Another Fitzgerald novel that I read in French a long time ago, and have just rediscovered with wonder by reading it in English. There's something about Fitzgerald's writing style that is really unique and that no translation, as good as it may be, can communicate. Because The Last Tycoon is unfinished, and is a work in progress that will always stay this way, it can come across as frustrating not to have the complete novel, and to read sentences and paragraphs that the author may have rewritten...more
I have now read all of Fitzgerald's major published works. After finishing The Love of The Last Tycoon, the incomplete manuscript on his desk when he died, I ask immediately wonder how this novel differs from his other works. Did he know he had this one last chance to voice his ideas? Did he compile the breadth of his lifelong learning into his final literary hero? Unfortunately, we can only speculate on these questions. But I find comfort in the idea that we would not have these questions had n...more
May 19, 2013 Laura rated it 4 of 5 stars  ·  review of another edition
Recommends it for: Bettie, Wanda, Carey
This review has been hidden because it contains spoilers. To view it, click here.
I can only be brief here because of how unmemorable a read this book was. I was honestly disappointed by the quality of prose and story I observed in this novel. Sadly diminished as it was from Fitzgerald's usual quality. However to be fair the story was incomplete due to his untimely death and he may have gone back and edited it later. Still I found it to be rather dry and boring.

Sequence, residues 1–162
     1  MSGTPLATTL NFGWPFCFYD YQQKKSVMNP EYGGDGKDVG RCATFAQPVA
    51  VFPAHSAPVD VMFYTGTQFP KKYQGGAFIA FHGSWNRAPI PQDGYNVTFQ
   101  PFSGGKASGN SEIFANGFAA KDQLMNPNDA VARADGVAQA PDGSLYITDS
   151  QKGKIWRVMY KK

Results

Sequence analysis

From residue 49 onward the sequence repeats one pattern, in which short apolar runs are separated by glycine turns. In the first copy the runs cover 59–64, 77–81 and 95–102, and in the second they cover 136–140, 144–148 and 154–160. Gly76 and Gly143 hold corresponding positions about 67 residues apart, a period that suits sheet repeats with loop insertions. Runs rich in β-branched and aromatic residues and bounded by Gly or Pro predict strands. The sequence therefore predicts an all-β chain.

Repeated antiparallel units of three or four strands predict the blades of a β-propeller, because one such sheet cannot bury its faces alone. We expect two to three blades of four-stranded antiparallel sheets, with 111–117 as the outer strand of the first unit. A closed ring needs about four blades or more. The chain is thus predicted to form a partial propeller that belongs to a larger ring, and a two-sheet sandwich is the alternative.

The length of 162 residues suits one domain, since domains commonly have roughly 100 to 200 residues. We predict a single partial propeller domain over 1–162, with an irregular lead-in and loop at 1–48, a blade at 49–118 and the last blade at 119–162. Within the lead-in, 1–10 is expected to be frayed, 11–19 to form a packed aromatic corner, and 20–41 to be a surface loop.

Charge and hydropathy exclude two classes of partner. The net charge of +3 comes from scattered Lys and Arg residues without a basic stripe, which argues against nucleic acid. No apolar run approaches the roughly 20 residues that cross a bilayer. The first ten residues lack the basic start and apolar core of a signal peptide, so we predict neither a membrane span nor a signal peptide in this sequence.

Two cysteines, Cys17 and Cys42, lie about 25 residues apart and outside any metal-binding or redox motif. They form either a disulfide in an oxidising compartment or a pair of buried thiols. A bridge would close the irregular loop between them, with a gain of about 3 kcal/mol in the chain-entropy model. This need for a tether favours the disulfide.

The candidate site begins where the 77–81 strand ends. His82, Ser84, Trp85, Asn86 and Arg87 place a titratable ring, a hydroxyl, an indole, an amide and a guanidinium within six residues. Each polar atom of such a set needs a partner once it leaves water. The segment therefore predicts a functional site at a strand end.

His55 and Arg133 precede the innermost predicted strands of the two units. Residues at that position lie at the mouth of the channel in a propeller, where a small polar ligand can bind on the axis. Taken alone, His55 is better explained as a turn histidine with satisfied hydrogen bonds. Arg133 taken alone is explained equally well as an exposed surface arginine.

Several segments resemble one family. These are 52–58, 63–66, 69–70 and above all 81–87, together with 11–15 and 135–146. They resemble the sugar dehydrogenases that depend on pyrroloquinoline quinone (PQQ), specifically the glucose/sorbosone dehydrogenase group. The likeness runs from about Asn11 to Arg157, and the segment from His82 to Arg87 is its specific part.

It seemed that he attempted to write another moral tale in the vein of The Great Gatsby yet failed to produce a tale...more
Evan Kingston
There are some really great scraps in this manuscript: complex, well-drawn characters; witty dialogue; a vivid sense of setting, both time and place; rare insight into the workings of the studio system; and frequent passages of gorgeous prose. It seems that if F. Scott could have kept working on it, he could have reclaimed his talent and turned it into another great novel, maybe going on to write many more.

Unfortunately, he died before he finishing a whole draft; this book has no end--and worse-...more